To engage with a city, we need to have our eyes open for what people value, what people do with their money, their spare time, what they enjoy. This might be really straightforward— this might a be a city that you’ve existed in for a long time, and the culture might be second nature to you. Or, maybe this is something you’ve never really thought about. Paul’s reaction wasn’t a positive one, he was shocked and saddened the culture of Athens. What do you think Paul would say about your city if he visited it today?

Being aware of the culture requires us to notice what happens, not to exist separately or independently. It can be very easy as a Church or a Christian community to create our own culture, to exist with our own set of values, beliefs and even language and jargon. What we miss when we do this is a real engagement with the world around us. We fail to notice what God is doing in our city and ultimately when we try to engage, we are entirely alien from the culture. So it’s important that our eyes are open to the culture of our city if we want to be people that engage with the world.

 

Six Questions for Engaging with Cultures

Six Questions for Engaging with Cultures

Six Questions for Engaging with Cultures

There are two names for this series of blogs: ‘What we can learn from failed church planting’ or ‘How does the Church exist in culture?’.

We’re going to be looking through Paul’s visit to Athens in Acts 17. I don’t know if Paul expected to plant a Church in Athens, or if he was just intending to have a flying visit whilst he waited for his friends Silas and Timothy to arrive, but I wouldn’t be surprised if at the back of his mind, Paul was thinking that he’d quite like to have got something off the ground by the time Silas and Timothy got there.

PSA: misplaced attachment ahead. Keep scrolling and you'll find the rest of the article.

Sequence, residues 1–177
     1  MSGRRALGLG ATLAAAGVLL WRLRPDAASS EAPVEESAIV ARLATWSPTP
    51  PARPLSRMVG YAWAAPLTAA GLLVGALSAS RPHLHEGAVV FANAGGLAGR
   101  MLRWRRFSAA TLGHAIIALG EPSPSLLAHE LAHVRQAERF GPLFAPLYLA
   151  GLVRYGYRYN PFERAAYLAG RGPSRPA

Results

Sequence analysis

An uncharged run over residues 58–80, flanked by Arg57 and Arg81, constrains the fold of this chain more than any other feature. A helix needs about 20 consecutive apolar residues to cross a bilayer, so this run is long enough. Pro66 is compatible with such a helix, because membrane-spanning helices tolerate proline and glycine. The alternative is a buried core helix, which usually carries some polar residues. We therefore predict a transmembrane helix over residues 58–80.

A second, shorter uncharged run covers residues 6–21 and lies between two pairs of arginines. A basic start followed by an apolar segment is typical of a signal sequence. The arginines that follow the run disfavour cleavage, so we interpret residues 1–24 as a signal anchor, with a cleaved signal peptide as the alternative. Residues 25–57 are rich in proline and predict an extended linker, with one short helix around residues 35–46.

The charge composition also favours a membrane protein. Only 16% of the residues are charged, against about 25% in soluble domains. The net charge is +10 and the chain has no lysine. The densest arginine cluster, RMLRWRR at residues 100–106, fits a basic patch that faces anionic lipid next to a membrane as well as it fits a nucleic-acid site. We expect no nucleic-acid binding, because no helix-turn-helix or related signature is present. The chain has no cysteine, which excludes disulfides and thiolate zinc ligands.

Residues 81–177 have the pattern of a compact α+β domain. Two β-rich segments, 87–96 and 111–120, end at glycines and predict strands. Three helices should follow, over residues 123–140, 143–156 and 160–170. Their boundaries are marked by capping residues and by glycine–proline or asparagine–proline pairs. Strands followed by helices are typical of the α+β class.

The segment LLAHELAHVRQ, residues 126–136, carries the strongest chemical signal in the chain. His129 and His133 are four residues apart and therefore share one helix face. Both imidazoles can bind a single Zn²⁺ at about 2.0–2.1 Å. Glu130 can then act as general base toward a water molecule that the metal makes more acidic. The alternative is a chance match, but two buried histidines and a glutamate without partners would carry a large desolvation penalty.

When they heard about the resurrection of the dead, some of them scoffed, but others said, “We will hear you again about this.”
— Acts 17:32

Either way, this story doesn’t end in a Church plant, or at least, we don’t stay in Athens long enough to see the Church develop. Verse 32 tells us that the reaction to Paul was that:

  1. some scoffed
  2. others said, “We will hear you again about this.”
  3. some of them joined him

If you’re going to plant a Church, then I reckon these are three sensible options of what you can expect from people you engage with.

Scoffing, intrigue and a few people joining in. Unlike earlier passages in Acts in which thousands are added to their number, I quite like the modest addition that we are told join with Paul from Athens. So it’s not an overwhelming triumph for Paul’s Church planting movement, but it still teach us quite a lot about how Paul engaged with cultures which he was trying to plant churches in.

I quite like the modest addition that we are told join with Paul

In this series of blog, we're going to unpack this passage, look at what Paul does and then to use this as a model for us— not necessarily as church planters (although that will be helpful) but as people engaged in the church and in a culture.

For this to be helpful for you, you’ll need to think about where your city is— this might be an actual city like Athens (or York), or it may be something smaller. Like a University, or a workplace, or even a street.

These questions will help us to think about how we exist as Christians in the cities and cultures we live, work and interact with and ask what it means to be engaged here.

So pick your city ...